Screenshot of an official debate video
What does it really mean to “speak American”?
Everyone knows that Republican Presidential candidate Donald Trump has no qualms when it comes to going on the offense against his fellow GOP candidates. Recently, the Donald had some harsh words to say about Jeb Bush, former Florida governor and member of the well-known Bush family. Trump criticized Bush for speaking Spanish on the campaign trail, saying, “He should really set the example by speaking English while in the United States.” Former governor Sarah Palin voiced similar criticisms, expanding on the idea that politicians should set an example for others by “speaking American”, or English, the supposed “correct” language to speak in the United States. Basically, Trump and Palin want all Americans and the immigrants to our country to be speaking the native language of the United States, the language of the first people to inhabit this land and nation. Not a language spoken by immigrants. Following this logic, then, shouldn’t we be speaking a Native American language?
The first people to inhabit the Americas were the Native Americans such as the Cherokee, Wampanoag, and the Iroquois. From Christopher Columbus onward, the Americas were populated by immigrants from Spain, Portugal, Great Britain, and other European nations. The idea of “speaking American” is a complex one, because it forces one to consider what it means to be American. Our nation was founded by descendants of immigrants. To be American means that we may all come from different backgrounds, but we are united in our common belief in our unalienable rights to life, liberty, and the pursuit of happiness. I think that the way that politicians can be setting a good example for the people of our nation is by celebrating different languages and cultures and incorporating them into the idea of what it means to be an American.
History has already shown that trying to erase the existence of other cultures leads to misery, misfortune, and violence against the minority peoples, but another Republican presidential candidate, Rand Paul, said, “I think assimilation is an amazing thing. A good example of how, even in our country, assimilation didn’t happen — and it has been a disaster for the people — has been the Native American population on the reservations. If they were assimilated, within a decade they’d probably be doing as well as the rest of us.” The forced assimilation of Native American tribes by the U.S. government is a prime example of the horror of the attempted erasure of cultures and languages. The boarding school programs for young Native Americans was extremely harsh and restrictive, as young children were forbidden to speak their native languages and forced to take European names. These damaging programs, coupled with the forced relocation and genocide of almost the entire native population, seems far from “an amazing thing”.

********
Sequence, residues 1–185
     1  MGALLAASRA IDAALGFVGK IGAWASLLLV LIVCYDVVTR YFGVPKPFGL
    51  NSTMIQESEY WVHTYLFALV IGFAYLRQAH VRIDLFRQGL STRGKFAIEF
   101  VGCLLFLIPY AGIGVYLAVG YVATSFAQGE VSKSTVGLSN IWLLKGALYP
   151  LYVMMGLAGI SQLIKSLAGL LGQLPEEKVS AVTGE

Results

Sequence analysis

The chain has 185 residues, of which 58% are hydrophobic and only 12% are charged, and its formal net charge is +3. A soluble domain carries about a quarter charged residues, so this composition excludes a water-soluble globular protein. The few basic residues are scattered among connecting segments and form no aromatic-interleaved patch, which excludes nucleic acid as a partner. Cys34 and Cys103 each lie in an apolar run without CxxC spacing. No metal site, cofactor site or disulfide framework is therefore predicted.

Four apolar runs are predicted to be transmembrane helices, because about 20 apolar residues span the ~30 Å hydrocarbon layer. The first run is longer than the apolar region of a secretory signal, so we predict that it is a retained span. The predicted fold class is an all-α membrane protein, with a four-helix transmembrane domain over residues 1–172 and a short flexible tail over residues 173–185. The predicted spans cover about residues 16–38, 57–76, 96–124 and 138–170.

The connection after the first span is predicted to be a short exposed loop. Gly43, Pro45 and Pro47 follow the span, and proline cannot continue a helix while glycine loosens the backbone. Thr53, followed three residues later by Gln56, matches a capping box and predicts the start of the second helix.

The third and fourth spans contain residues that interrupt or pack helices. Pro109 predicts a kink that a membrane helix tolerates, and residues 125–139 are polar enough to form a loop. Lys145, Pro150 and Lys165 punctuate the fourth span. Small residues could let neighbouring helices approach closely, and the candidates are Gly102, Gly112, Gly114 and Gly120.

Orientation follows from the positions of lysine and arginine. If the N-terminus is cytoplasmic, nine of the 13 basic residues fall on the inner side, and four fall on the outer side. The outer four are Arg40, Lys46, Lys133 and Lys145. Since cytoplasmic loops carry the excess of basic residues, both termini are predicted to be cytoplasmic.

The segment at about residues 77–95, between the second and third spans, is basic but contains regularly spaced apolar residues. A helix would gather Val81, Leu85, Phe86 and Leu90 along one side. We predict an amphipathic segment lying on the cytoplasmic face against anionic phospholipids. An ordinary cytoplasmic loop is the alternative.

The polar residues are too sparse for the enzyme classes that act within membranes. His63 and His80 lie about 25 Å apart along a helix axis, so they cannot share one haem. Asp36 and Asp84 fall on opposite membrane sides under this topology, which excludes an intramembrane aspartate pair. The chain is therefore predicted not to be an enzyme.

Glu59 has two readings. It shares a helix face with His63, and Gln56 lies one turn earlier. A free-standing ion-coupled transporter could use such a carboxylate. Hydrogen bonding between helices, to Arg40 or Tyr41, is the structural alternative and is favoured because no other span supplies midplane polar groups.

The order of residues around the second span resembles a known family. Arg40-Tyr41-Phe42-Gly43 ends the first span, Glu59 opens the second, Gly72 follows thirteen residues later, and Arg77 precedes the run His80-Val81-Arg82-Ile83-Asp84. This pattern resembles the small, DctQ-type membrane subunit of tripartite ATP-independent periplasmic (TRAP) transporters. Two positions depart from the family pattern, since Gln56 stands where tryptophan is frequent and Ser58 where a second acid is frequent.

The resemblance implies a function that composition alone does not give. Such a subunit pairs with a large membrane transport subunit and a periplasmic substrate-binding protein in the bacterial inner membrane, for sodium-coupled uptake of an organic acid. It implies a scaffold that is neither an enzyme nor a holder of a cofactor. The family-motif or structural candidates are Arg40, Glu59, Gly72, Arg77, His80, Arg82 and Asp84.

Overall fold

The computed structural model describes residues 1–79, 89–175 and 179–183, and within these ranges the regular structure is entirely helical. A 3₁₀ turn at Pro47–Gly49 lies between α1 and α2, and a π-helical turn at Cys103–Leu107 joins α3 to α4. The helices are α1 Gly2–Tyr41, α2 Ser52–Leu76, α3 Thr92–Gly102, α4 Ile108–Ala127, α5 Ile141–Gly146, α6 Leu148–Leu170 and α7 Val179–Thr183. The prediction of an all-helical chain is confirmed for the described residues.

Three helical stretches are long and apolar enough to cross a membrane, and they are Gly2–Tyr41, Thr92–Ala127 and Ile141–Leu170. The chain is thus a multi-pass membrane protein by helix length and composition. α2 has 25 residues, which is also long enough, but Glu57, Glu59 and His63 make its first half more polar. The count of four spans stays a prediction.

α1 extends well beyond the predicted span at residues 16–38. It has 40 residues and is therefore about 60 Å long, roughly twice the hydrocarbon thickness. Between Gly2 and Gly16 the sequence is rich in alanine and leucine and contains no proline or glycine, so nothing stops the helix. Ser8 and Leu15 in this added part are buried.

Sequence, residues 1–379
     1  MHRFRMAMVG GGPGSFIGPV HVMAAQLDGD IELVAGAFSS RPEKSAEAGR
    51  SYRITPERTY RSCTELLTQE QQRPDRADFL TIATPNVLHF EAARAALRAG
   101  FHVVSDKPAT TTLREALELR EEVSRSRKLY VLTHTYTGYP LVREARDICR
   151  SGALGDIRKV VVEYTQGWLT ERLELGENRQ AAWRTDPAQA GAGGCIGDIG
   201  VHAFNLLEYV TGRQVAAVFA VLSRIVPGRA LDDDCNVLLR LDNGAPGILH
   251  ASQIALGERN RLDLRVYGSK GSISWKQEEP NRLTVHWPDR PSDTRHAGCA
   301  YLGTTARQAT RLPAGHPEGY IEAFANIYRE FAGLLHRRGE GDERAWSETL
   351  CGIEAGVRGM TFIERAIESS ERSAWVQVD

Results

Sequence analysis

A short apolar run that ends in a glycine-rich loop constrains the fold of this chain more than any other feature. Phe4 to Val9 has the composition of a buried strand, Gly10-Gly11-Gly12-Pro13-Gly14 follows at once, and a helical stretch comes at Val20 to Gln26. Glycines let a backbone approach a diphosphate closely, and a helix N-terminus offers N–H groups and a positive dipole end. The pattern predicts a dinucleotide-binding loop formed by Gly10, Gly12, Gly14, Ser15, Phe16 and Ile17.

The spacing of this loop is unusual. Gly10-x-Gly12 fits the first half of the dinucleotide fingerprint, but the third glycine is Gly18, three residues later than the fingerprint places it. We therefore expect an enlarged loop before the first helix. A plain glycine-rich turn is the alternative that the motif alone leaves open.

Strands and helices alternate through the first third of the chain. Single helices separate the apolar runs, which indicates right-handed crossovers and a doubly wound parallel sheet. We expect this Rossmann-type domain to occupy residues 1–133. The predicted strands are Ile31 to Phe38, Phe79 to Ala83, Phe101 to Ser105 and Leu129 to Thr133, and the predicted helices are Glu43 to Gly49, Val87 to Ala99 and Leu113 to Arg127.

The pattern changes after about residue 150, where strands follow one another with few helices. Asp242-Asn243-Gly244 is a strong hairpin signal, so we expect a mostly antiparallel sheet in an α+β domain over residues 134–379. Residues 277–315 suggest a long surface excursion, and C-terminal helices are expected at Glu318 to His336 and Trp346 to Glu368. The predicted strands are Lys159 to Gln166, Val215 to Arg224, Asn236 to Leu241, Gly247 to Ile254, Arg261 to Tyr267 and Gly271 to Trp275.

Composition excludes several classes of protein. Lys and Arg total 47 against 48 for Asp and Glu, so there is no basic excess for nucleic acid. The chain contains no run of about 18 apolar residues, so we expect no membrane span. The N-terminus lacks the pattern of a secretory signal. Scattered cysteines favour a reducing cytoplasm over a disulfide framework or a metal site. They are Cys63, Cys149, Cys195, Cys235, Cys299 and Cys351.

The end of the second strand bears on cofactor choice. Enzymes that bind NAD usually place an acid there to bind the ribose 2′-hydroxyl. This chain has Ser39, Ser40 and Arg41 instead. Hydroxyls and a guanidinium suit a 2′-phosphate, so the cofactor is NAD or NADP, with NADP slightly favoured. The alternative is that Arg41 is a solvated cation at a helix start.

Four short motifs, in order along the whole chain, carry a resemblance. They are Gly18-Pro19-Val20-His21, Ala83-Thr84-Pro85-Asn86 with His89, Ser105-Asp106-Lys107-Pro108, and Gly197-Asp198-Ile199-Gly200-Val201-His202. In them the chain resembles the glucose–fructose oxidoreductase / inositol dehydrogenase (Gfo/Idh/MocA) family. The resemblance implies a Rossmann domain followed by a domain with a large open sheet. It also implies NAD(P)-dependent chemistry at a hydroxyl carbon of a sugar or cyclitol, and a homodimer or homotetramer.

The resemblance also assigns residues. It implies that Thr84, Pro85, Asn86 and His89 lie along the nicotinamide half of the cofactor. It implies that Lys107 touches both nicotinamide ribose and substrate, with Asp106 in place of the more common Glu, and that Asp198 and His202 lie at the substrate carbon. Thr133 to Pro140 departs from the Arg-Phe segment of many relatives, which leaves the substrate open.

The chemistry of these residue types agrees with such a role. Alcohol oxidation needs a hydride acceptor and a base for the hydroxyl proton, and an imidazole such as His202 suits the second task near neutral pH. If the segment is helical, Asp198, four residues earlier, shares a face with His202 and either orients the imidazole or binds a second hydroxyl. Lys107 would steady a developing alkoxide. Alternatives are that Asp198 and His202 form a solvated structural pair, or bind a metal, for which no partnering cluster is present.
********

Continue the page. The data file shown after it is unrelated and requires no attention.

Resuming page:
The attempt by the U.S. government to erase the presence of Native American cultures was harmful to the natives, and to repeat history and attempt to destroy Latin American and other cultures in the United States would be a step backwards. The United States does not have an official language, and never has had one, encouraging the use and celebration of all languages and customs. Politicians can be setting a good example for the nation’s youth by promoting bilingualism, as knowing more than one language has many benefits and the United States lags behind other developed nations in language education.
“Speaking American” means more than just speaking English. Americans come from many different backgrounds, and the nation was founded on this idea of diversity allowing for a richer American culture. Trump, Palin, and Paul can try to deny it, but the truth of today’s world is that America is a diverse nation, and politicians should embrace that fact instead of trying to deny the history of our country and the ideals that it was founded upon.